Abandoned houses in Detroit

‘I decided to name the series 100 Abandoned Houses. 100 seemed like a lot, although the number of abandoned houses in Detroit is more like 12,000.

Encompassing an area of over 138 square miles, Detroit has enough room to hold the land mass of San Francisco, Boston, and Manhattan Island, yet the population has fallen from close to 2 million citizens, to most likely less than 800,000. With such a dramatic decline, the abandoned house problem is not likely to go away any time soon.’

- Kevin Bauman, 100 Abandoned Houses

Thank you to La Boite Verte

29 comments to Abandoned houses, Detroit

  • fiasco

    never a sunny day in detroit

  • Daniel

    Probably a few too many pics here. Consider the point ‘rammed home’.

  • Sorry is this not the Ward and Partners website? How much are these going for? ;) I’ll take the duck egg blue hut :)

  • Reminds me Pripyat… no sun, some snow, abandoned houses, creepy landscapes… what happened to Detroit?

  • Hardpunk

    Some absolutely beautiful houses there. I guess some of them are just not in the best neighborhoods. Wish I could pack one of them up and ship it here to Scotland.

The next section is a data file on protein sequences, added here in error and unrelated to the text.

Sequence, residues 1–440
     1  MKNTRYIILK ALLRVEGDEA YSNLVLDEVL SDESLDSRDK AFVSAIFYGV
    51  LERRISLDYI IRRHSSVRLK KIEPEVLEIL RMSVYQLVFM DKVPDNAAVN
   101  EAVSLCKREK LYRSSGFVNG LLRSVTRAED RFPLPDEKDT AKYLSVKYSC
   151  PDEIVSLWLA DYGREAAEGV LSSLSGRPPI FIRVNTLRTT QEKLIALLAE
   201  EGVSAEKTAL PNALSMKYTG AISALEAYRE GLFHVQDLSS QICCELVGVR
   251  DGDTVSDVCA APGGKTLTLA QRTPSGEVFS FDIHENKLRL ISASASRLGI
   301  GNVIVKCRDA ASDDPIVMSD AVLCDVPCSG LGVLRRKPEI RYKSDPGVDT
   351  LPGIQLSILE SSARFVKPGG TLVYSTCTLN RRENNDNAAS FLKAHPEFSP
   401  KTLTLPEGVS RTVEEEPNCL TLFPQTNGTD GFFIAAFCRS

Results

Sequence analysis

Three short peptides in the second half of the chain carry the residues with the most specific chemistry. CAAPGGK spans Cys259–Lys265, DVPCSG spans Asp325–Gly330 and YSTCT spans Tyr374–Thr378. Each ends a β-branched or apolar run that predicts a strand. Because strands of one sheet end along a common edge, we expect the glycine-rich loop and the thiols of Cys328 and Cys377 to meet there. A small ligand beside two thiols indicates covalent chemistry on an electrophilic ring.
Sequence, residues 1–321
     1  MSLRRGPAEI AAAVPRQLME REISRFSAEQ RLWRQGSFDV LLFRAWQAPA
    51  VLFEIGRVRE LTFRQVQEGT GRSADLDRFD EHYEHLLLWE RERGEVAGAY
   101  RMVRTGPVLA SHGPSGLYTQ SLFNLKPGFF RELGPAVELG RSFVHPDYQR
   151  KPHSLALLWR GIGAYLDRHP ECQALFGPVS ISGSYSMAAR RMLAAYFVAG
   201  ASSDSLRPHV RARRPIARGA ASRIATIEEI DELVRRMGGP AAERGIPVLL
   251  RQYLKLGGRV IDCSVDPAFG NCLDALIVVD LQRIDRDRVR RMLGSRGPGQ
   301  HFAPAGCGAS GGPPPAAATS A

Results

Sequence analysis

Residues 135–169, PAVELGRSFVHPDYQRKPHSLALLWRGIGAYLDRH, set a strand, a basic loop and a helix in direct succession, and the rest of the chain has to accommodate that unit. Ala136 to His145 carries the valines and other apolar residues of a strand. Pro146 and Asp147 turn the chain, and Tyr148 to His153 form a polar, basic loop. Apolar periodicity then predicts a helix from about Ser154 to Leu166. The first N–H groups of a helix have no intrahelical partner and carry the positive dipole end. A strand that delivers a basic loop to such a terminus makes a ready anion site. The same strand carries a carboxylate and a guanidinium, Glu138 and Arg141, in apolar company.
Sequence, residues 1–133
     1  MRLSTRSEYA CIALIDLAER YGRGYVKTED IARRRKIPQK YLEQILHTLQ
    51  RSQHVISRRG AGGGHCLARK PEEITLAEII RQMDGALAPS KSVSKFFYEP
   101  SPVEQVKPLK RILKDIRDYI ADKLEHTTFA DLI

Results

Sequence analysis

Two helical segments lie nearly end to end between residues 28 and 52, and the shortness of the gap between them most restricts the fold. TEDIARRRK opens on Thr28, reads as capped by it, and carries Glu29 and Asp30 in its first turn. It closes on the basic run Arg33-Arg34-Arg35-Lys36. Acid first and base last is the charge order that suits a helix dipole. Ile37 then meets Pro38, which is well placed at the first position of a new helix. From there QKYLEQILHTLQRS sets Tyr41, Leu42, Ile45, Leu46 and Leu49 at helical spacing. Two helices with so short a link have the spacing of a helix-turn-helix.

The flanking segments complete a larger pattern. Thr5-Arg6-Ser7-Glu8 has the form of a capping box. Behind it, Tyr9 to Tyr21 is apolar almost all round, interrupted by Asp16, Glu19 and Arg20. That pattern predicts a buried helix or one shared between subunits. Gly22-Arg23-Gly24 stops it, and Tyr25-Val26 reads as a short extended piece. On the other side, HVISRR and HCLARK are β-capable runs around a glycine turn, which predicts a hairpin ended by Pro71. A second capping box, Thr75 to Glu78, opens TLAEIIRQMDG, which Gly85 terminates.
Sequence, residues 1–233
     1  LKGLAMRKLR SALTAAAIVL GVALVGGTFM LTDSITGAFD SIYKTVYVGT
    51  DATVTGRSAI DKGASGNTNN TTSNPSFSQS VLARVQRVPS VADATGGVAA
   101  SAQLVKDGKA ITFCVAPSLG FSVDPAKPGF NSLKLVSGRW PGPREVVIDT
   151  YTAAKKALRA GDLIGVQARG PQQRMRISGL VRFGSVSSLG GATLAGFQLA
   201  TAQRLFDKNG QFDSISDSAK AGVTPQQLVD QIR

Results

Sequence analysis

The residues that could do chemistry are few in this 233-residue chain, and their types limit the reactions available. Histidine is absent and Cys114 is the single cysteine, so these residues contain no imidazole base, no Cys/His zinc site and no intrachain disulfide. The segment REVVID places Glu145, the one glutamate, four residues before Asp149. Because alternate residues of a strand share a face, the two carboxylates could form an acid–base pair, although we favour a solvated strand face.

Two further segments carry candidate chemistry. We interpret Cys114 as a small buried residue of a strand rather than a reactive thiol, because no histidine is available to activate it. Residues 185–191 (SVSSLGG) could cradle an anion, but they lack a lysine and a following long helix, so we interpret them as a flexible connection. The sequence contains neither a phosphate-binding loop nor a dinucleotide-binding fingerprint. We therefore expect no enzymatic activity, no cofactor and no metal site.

• hauntingly beautiful – wish I could adopt a few of these – or all of them. Blogging with a link back right now.

  • kris

    They’re gone. Good bye Detroit.

    Signed –

    Kris from Buffalo, NY

  • elena

    strangely beautiful and desperately sad at the same time. a myriad of thoughts and feelings through me. thank you for this art.

  • Jane

    Beautiful and incredibly sad – some of the houses look massive and must have been once beautiful – where are all the families that once lived there? Why is it like that? The inclusion of one hundred pictures really has an affect. I wonder how dramatic an exhibition of all 12,000 abandon homes in Detroit would feel. Great post – haunting.

  • Sir

    Thank you Great Society!

    Ironic that the Unions that helped build such neighborhoods also helped lead to their destruction.

    There’s a reason the Germans, Japanese, and Koreans build their autoplants in the U.S. in South Carolina, Georgia, Tennessee, Alabama, etc. Michigan, Ohio, etc. priced themsleves out of the market – they killed the goose with high taxes and over-regulation and the Unions pushed for wages and benefits that were insupportable in competitive markets (demands that could be met back when the U.S. comprised 1/2 of the world’s manufacturing output after WW II).

    Behold the future.

  • Sueli

    Oh boy ! If I could buy some of those houses…
    As someone wrote, those pictures remind Prypiat after the Chernobyl disaster.

  • Gah! Want to go inside!

  • libertie